“Never again” is the world’s pledge—and the overriding message of this great film. We must never forget, especially when we face domestic hate crimes and what is currently happening in Ukraine. When our children and grandchildren look back at this moment in history, will they say that we did all we can to fight Anti-semitism, to combat all forms of extremist violence in our countries, and to support Ukraine?
A plain reading of Gutmann’s statement seems to indicate her belief that anyone who properly absorbs the moral lessons of World War II should have no trouble understanding that “we” — which presumably means regular people, not just State Department staff — must “support Ukraine.” And since the “support Ukraine” policy being implemented by the Biden Administration, in which Gutmann serves, currently consists of things like subsidizing and operationally coordinating a massive war against the foreign power with the world’s largest nuclear arsenal — apparently that’s the thing we’re all obliged to “support,” lest we not appreciate the true lessons of World War II.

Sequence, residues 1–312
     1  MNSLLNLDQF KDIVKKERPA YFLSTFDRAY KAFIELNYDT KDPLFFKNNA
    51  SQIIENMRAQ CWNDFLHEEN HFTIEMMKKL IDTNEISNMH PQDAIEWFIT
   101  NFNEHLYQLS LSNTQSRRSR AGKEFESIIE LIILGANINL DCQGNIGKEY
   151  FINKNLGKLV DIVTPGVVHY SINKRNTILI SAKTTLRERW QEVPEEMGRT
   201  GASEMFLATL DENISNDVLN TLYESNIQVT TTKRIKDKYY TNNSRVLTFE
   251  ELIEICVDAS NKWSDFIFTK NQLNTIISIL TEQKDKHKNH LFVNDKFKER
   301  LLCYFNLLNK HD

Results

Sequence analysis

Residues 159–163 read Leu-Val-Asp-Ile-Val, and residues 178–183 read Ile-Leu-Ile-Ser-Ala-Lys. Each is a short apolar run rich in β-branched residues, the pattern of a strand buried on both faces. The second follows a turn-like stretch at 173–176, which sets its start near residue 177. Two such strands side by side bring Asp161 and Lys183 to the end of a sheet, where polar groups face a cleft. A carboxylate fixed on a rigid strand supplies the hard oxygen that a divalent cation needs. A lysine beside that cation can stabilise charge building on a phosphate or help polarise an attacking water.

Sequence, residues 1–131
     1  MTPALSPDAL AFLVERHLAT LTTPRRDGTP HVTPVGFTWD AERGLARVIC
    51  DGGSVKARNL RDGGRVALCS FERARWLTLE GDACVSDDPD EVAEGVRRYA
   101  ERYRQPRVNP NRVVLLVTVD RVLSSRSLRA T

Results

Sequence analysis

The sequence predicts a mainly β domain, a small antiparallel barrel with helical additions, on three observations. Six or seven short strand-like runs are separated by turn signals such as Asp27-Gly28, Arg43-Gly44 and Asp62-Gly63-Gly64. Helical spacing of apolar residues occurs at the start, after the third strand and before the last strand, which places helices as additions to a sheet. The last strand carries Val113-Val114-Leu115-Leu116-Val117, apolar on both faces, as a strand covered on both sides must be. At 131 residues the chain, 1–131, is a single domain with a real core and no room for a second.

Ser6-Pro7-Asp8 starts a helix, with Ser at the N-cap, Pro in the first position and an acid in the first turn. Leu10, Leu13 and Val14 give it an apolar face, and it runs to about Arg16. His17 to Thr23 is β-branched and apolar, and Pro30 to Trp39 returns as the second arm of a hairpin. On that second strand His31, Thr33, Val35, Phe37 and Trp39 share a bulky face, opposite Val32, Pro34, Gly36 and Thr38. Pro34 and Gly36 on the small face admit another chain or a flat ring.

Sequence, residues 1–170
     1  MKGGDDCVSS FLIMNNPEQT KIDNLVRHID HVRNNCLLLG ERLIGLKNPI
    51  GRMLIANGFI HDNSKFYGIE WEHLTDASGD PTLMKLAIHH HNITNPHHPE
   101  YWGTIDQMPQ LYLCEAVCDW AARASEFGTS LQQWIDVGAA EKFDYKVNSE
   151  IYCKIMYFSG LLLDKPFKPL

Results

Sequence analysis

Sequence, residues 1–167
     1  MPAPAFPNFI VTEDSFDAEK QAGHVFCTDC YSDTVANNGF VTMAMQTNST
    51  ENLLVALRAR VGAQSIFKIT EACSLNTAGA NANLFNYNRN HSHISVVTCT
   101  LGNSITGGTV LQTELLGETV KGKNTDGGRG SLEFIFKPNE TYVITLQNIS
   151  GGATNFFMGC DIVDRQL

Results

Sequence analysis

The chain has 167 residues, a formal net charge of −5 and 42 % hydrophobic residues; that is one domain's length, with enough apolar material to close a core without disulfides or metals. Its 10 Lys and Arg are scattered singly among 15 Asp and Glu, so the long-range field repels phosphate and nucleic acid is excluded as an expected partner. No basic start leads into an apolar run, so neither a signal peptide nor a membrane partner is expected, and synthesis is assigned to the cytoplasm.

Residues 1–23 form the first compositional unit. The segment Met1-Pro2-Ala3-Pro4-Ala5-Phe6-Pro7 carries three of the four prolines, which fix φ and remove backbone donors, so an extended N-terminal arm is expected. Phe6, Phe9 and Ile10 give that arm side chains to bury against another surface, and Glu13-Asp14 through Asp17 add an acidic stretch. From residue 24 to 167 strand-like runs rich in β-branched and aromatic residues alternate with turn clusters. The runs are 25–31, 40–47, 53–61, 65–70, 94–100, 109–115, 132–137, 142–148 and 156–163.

Volodymyr Zelensky, the international folk hero and president of Ukraine, has variously made versions of this same argument himself. In what was called a “scathing speech” this past March to the parliament of Israel, Zelensky accused the assembled lawmakers of enabling a second Holocaust. “The Russians use the terminology of the Nazi party, they want to destroy everything. The Nazis called this ‘the Final Solution to the Jewish question,’” Zelensky said. “In Moscow, they’re using those words, ‘the Final Solution.’ But now it’s directed against us and the Ukrainian question.”